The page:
2013 Trade Deadline Primer: Available Second Basemen

The trade deadline is a few weeks away, so the rumor mill is about to heat up.  To prep you for the coming trade season, we're providing a primer on who the top available trade targets could be as get closer to July 31st.

It's tough trying to gauge the market on second basemen, as some teams who would appear to have a guy available may consider themselves to still be in the race, while others are ready to sell off anybody on the roster. Also, some teams may be looking for a guy to not only play second, but elsewhere on the infield as well. Someone like Kevin Frandsen or Ryan Roberts fits that type of profile. Last year, we saw the San Francisco Giants acquire Marco Scutaro at the deadline, and he made a huge impact down the stretch, taking home the NLCS MVP. Is there anyone out there that could have that same type of impact?

Probably not available, but it couldn't hurt to ask

Chase Utley – We've heard Utley's name floating out there a bit, but this would still be quite the surprise. The Phillies, who are nine games back in both the division and the wild card, may fancy themselves as contenders if they can turn in a strong second half, which could impact what Ruben Amaro will do at the deadline. Even if he decides to sell, moving Utley doesn't seem likely, even if he is a free agent after the season. 

Jose Altuve – The Astros have made it pretty clear that they'll listen on anybody on their current roster, but it would still be hard to see them dealing Altuve. As famously undersized as he is, he's a building block for this team, and is in line to make an appearance in the All Star Game this season. He could probably be had, but it would take a ton to get him.

All glove/all inconsistency

Darwin Barney – Barney can't hit worth a lick, but he's one of the best defensive players in the game. That alone has value, as well as the fact that he's under team control until 2017. Despite a .227 average, the Cubs are going to ask plenty for him, and packaged in a deal with someone else on their roster, perhaps a starter, they could get quite a haul.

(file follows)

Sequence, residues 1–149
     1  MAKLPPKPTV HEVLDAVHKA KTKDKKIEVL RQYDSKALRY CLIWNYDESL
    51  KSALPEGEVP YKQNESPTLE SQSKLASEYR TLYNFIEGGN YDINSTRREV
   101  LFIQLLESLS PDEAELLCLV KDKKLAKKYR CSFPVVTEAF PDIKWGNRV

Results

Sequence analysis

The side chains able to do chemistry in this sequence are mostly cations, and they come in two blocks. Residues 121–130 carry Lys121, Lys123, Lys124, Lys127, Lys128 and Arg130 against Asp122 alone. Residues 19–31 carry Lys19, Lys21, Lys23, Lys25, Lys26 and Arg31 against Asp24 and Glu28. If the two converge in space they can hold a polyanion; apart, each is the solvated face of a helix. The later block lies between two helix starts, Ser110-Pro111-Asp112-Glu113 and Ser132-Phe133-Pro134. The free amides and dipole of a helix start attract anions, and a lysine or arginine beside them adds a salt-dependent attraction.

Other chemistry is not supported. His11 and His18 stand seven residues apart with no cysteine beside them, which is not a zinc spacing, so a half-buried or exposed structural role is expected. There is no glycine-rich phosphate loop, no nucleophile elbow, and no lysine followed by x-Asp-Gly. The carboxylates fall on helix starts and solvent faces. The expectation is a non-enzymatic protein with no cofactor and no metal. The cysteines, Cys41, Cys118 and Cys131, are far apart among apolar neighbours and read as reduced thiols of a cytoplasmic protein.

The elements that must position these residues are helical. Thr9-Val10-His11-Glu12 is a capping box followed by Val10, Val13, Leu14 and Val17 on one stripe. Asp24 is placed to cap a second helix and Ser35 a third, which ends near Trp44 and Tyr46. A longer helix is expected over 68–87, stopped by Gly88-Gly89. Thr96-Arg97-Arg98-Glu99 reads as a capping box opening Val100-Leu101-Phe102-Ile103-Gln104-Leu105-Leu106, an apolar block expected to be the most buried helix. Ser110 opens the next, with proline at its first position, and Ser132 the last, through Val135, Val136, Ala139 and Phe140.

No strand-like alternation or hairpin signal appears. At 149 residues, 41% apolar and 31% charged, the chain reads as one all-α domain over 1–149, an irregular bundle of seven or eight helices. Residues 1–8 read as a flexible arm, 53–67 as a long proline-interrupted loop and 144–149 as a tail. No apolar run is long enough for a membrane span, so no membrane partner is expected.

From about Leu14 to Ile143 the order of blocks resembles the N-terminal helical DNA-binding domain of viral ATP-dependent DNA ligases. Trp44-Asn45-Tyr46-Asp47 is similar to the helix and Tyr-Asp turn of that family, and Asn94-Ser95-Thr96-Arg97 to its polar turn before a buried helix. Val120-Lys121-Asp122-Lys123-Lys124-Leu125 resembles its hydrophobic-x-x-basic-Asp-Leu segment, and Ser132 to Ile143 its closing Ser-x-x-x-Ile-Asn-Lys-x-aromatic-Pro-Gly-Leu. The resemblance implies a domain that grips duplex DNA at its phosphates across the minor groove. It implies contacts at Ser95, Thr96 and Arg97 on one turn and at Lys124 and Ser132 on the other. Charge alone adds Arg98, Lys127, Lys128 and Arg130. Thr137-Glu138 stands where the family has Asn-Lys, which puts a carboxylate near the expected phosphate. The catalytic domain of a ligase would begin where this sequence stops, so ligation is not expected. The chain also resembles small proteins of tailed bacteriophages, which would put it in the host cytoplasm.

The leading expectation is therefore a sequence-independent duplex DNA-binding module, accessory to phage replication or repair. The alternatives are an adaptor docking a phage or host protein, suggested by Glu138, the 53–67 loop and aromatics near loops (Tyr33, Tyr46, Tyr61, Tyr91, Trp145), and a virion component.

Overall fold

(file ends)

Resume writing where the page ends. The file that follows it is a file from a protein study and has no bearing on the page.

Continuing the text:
Gordon Beckham – Like the Astros, the White Sox have said they'll listen on anybody on their roster, with the exception of Chris Sale & Paul Konerko. Beckham hasn't exactly developed into the player the White Sox were hoping after he turned in a strong rookie campaign back in 2009, but after missing time earlier this season, his average is up at .334, far and away a career mark. Of course, that's only 126 plate appearances and a sky high BABIP. Nonetheless, he's under team control through 2015, so there's still plenty of value there.

Rickie Weeks – There may not be a more frustrating player in all of baseball, or at least the National League, than the Milwaukee Brewers' second baseman. He's rebounded a bit after yet another miserable start, getting his average up to .226, but he's also among the more expensive options in terms of dollars over the next two years. The Brewers are going to be obvious sellers, though, and Weeks' bat will intrigue many out on the trade market.

Cliff Pennington – Originally brought in to play short, Pennington lost out when Didi Gregorius burst onto the scene. Injuries to Aaron Hill have led to playing time for Pennington, who has a solid glove, but doesn't bring much to the table with the stick (.221 BA, .287 OBP the last two years).

Well, at least they have a pulse

Ryan Roberts – This is where we start talking about the guys who are versatile, but don't bring much in terms of a bat. Roberts can play all over the infield, specifically second and third. He's currently at Triple-A and likely won't see a callup back to the Rays, which means he could be had on the cheap. He's not an impact player, but his bat has a bit of pop and he's a good guy to have around in the clubhouse.

Kevin Frandsen – Frandsen has hit well in limited action this year, with a .284 average, and has been particularly successful against lefties. The fact that he can play all over the infield is going to attract any team looking for someone to add to the end of their bench, even if he isn't a standout at any position in particular.

Nick Punto – At this point in his career, you know what you're getting in Nick Punto. He can play all over the field, but he can't hit, with his .261 average actually coming in as one of the better marks in his career. He's the type of player a team will bring in as a final bench guy for the stretch run.


About Randy Holt

Spending his days as an English teacher, Randy spends his afternoons, nights, and weekends as a writer on the Bloguin Network, as well as SB Nation. He is a staff writer for both Puck Drunk Love and The Outside corner, as well as Second City Hockey and Beyond the Box Score on SB Nation, showcasing his love for both hockey and baseball, as well as run-on sentences. A Chicago native (and Phoenix resident), he is an avid Game of Thrones viewer/reader and lover of red meat.